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Human vascular endothelial cells in primary cell culture for the evaluation of nanoparticle bioadhesion.

Publication Type:

Journal Article


Journal of Nanoscience and Nanotechnology, Volume 6, Issue 9-10, p.3303-9 (2006)


Adhesiveness, Cell Adhesion, Cells, Cultured, Endothelial Cells, Humans, Materials Testing, Nanoparticles, Particle Size, Tissue Adhesives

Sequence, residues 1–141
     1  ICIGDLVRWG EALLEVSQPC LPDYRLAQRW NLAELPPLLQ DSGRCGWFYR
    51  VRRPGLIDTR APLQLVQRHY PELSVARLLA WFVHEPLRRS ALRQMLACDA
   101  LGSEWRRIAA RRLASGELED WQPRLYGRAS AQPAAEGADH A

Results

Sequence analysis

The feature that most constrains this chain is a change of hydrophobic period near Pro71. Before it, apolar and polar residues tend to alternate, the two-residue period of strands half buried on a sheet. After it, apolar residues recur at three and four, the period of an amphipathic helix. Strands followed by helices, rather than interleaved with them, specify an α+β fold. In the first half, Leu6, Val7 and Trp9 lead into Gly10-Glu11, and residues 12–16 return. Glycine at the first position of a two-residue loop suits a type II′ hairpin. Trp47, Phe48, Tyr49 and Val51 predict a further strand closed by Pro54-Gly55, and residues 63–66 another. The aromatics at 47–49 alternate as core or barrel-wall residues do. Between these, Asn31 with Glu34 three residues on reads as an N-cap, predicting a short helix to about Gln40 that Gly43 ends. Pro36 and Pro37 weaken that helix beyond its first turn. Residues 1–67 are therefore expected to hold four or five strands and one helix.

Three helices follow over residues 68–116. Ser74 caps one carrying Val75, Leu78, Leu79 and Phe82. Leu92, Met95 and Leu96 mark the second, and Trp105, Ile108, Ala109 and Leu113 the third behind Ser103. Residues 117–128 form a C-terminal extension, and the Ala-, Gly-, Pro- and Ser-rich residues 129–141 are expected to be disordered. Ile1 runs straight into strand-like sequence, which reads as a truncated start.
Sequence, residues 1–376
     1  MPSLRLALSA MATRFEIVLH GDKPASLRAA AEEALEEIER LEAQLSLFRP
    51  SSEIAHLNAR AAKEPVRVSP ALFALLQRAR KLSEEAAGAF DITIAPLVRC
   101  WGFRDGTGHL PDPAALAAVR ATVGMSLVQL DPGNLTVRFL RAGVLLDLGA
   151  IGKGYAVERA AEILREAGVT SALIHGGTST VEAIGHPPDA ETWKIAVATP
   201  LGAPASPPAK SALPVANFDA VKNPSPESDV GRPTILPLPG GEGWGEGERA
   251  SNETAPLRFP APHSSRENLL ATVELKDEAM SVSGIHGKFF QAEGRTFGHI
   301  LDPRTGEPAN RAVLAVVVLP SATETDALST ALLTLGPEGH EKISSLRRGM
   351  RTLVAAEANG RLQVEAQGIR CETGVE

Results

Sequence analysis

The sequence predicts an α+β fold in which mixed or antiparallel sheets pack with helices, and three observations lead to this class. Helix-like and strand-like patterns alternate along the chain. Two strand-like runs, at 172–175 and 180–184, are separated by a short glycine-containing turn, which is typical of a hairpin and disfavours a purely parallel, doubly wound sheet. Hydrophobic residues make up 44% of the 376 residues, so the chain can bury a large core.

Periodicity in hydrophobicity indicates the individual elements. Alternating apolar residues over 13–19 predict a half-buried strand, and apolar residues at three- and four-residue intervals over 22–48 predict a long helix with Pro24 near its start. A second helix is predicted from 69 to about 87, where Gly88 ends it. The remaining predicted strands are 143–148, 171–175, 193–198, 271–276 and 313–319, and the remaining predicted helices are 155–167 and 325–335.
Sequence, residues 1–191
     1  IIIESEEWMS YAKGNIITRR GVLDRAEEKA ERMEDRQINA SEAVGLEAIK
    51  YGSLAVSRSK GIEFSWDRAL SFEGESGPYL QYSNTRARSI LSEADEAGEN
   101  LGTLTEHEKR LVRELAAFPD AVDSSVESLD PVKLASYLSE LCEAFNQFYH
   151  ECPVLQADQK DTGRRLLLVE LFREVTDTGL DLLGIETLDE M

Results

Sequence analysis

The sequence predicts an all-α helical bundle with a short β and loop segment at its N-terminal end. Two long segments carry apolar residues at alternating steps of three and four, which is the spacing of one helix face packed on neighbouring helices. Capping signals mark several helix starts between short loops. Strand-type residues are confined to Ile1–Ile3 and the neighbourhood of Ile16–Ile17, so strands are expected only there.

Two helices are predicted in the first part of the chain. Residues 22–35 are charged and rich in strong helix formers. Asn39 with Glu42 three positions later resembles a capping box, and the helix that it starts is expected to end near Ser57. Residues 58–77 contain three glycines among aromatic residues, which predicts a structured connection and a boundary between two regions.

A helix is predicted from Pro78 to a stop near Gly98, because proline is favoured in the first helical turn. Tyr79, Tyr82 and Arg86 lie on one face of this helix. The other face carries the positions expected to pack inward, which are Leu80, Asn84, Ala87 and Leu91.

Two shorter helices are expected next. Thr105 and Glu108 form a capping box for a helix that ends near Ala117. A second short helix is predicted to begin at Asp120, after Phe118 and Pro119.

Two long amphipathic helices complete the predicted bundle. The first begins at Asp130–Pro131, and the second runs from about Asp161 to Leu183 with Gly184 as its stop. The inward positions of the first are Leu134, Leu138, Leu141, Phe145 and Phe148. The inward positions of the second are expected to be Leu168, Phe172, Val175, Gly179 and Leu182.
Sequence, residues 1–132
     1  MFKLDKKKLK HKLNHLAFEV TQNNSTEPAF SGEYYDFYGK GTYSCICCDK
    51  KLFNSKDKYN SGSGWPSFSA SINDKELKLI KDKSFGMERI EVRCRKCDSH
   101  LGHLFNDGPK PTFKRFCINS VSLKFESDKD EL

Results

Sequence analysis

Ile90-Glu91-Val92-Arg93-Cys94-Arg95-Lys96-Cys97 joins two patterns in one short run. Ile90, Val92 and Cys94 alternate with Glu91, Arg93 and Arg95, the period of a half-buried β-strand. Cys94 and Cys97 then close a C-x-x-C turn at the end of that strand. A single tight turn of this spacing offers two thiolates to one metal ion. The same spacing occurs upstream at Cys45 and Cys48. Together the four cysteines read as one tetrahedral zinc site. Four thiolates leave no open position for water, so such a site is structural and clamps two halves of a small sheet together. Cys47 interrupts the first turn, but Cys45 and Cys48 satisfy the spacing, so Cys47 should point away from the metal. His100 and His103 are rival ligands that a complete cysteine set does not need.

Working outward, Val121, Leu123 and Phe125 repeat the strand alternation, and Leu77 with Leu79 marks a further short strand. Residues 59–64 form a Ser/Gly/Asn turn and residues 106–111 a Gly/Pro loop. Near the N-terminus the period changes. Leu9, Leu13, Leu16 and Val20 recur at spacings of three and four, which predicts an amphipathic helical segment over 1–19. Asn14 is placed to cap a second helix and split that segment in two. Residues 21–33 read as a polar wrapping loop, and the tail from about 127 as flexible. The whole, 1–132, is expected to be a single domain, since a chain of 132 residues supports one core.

Nanoparticles (NP) are employed in various therapeutic approaches for innovative drug delivery strategies. Among them, there is drug delivery to the brain and sustained release forms for intravenous drug delivery. In order to optimize drug carriers and to elucidate involved mechanisms such as bioadhesion and cellular uptake, NP were surface modified and analyzed for their interaction with human endothelial cells in cell culture. Fluorescently labeled NP of different diameters (50 to 1000 nm) were surface modified either by simple adsorption of chitosan or by covalent binding to the lectin ulex europaeus agglutinin and thereafter applied to human endothelial cells for different incubation periods. After incubation with NP the binding of NP was quantified directly by the fluorescence emission signals from the cell layers. In order to visualize the binding behaviour, NP were localized three-dimensionally in the cell layer by confocal laser scanning microscopy. Cell binding experiments in phosphate buffer were observed to be particle size dependent with the 50 nm NP showing the highest binding percentage over all experiments. Binding decreased with increasing particle diameter and shorter incubation interval. The adhesion was further enhanced by NP surface modifications in the order blank < chitosan < lectin. The presence of plasma proteins enhanced the adhesiveness of chitosan coated NP, while the binding of lectin coated NP was inhibited. Experiments at 4 degrees C indicated the involvement of an active process in the binding of NP to endothelial cells.